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Learning XNA 4.0 by Aaron Reed

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Chapter 4. User Input and Collision Detection

As cool as it was to see a nice-looking set of rings spinning around and realize that you’d made that happen yourself, there’s a long way to go with XNA. Although the animated object looked nice, it didn’t do anything, and you had no control over its movement. What fun is a game where there’s no interaction on the part of the player? In this chapter, we explore user input and collision detection as ways to make your game actually do something besides look nice and pretty.

This chapter uses the code that you built at the end of Chapter 3 (the animated three rings sprite). Open that project and make the changes discussed in this chapter there.

More Sprites

If you’re going to have a user-controlled object and build in some collision detection against other objects, you’re going to need at least one more object on the screen. Let’s add another animated sprite to your project.

Instead of using the same three rings image, we’ll use a different image for the second animated sprite. Along with the source code for this book, you’ll find the code for this chapter. In the AnimatedSprites\AnimatedSprites\AnimatedSpritesContent\Images folder, you’ll find an image called skullball.png. Add that image file to the project in the same way you’ve added previous image files (right-click the Content\Images folder in Solution Explorer, select AddExisting Item, and then browse to the skullball.png image and add it to the solution).

Next, you’ll need to create a number of variables that will allow you to draw and animate the skull ball sprite. These variables should look somewhat familiar to you, as they are very similar to the ones you used in Chapter 3 to draw and animate the three rings sprite. Add the following class-level variables at the top of your Game1 class:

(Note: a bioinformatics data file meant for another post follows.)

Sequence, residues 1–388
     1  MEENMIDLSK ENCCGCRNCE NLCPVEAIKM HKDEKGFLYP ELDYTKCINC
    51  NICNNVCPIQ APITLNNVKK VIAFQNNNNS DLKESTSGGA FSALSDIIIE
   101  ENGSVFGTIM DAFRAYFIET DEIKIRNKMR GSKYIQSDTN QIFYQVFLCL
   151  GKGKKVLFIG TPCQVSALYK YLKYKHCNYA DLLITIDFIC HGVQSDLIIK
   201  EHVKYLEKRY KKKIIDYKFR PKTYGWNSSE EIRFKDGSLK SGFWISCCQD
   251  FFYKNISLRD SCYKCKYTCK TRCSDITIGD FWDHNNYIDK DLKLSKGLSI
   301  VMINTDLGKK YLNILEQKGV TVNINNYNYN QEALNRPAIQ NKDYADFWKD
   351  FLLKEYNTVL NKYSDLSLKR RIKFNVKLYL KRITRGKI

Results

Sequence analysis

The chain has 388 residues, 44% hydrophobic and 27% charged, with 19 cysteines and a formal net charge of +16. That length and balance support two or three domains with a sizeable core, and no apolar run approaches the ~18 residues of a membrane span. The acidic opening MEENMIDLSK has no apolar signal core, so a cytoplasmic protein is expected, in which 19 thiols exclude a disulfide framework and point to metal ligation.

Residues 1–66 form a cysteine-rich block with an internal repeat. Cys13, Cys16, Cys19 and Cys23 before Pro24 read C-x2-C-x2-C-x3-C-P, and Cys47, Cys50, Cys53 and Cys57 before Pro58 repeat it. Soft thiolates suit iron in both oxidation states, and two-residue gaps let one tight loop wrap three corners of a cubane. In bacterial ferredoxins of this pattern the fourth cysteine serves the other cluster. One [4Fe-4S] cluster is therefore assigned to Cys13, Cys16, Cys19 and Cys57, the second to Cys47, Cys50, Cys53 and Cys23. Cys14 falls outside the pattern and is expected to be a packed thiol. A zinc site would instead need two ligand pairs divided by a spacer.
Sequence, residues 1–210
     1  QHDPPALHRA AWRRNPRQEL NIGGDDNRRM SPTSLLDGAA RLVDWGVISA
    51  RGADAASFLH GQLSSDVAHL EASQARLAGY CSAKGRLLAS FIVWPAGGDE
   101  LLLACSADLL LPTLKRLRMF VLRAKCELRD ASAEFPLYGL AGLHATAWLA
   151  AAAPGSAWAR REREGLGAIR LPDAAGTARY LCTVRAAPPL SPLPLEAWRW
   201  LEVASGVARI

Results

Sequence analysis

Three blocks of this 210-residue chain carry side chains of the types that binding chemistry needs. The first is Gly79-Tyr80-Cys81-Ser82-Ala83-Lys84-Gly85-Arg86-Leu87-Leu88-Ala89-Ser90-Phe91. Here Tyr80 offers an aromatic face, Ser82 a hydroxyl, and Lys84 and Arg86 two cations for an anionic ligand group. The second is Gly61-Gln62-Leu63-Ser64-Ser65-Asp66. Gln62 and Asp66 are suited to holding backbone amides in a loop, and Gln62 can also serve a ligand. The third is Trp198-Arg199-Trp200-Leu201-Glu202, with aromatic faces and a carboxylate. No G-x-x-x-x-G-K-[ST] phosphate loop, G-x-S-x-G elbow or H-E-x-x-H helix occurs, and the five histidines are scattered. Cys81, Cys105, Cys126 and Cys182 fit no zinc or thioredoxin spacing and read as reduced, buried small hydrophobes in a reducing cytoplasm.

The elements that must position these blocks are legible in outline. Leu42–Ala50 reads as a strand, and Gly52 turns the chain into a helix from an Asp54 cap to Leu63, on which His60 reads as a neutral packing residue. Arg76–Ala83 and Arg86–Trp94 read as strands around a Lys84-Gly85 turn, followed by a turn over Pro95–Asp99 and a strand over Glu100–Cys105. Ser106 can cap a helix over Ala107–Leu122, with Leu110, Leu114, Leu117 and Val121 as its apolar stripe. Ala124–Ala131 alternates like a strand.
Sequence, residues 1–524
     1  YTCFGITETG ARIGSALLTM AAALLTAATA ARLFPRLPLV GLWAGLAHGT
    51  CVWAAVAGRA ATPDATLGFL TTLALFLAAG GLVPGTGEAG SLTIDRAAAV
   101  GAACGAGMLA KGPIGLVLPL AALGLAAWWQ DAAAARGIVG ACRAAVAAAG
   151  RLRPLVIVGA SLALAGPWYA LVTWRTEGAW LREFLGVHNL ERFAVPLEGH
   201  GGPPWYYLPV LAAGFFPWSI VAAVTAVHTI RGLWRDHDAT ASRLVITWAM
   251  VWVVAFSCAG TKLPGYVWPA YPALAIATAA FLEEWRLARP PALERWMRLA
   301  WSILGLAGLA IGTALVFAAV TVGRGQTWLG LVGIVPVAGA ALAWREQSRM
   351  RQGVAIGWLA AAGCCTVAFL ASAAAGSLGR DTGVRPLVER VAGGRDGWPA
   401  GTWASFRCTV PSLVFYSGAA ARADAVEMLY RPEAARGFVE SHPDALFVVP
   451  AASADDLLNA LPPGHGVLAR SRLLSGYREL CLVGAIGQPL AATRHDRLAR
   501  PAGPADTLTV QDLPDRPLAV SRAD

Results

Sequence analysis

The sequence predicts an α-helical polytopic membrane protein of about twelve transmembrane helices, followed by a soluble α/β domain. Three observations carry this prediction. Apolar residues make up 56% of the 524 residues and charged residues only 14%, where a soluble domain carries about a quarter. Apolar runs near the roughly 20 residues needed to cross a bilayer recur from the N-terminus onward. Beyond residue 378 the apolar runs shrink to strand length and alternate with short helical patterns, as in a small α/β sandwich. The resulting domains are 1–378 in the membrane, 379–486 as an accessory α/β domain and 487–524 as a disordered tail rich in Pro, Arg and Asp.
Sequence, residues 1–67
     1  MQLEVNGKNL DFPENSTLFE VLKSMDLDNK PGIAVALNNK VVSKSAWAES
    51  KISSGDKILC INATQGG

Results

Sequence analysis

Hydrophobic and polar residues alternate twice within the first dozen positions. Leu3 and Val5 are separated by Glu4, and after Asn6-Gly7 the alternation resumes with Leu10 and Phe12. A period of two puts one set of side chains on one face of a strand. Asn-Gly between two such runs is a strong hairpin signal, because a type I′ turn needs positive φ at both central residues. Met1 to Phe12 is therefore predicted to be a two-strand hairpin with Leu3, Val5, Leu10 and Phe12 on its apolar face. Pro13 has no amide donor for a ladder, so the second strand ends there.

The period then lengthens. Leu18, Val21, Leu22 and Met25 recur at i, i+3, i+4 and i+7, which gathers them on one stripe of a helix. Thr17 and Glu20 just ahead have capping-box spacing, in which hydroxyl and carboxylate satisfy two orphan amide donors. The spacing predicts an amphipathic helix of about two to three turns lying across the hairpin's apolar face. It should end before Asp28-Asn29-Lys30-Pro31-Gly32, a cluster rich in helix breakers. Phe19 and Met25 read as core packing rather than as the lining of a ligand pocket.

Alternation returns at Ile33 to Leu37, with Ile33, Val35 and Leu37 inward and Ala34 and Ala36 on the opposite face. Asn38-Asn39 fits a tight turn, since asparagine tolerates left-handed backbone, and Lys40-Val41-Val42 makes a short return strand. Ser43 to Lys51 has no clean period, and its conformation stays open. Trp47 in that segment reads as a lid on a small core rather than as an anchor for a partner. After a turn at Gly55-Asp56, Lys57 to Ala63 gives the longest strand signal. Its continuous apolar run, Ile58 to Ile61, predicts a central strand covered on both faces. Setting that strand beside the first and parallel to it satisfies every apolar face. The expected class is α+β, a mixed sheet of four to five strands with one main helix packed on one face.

Texture2D skullTexture;
Point skullFrameSize = new Point(75, 75);
Point skullCurrentFrame = new Point(0, 0);
Point skullSheetSize = new Point(6, 8);
int skullTimeSinceLastFrame = 0;
const int skullMillisecondsPerFrame = 50;

The skull ball image frames are 75×75 pixels, and there are six columns and eight rows in the sprite sheet. You’ll want to change the names for the variables you’re using in this game to draw and animate the three rings now, to avoid confusion due to having multiple sprites in your game. Add the word “rings” at the beginning of each variable name, and change all the references to those variables; this will help you keep things straight as you move through this chapter. The rings variables should now be declared as:

Texture2D ringsTexture;
Point ringsFrameSize = new Point(75, 75);
Point ringsCurrentFrame = new Point(0, 0);
Point ringsSheetSize = new Point(6, 8);
int ringsTimeSinceLastFrame = 0;
int ringsMillisecondsPerFrame = 50;

Compile the project and make sure that you don’t have any compilation errors due to the renaming of these variables. If you do, remember that the variable names should be the same as in the previous project; you’ve just added the word “rings” to the beginning of each name. Fix any errors until the game compiles properly.

Chapter 5 will walk you through some basic object-oriented design principles that will make adding new sprites much easier. For now, you just want to get to some user input and collision detection, so let’s add the code for the skull ball animation.

Load your skull ball image into the skullTexture variable in the LoadContent method in the same way you loaded your three rings image: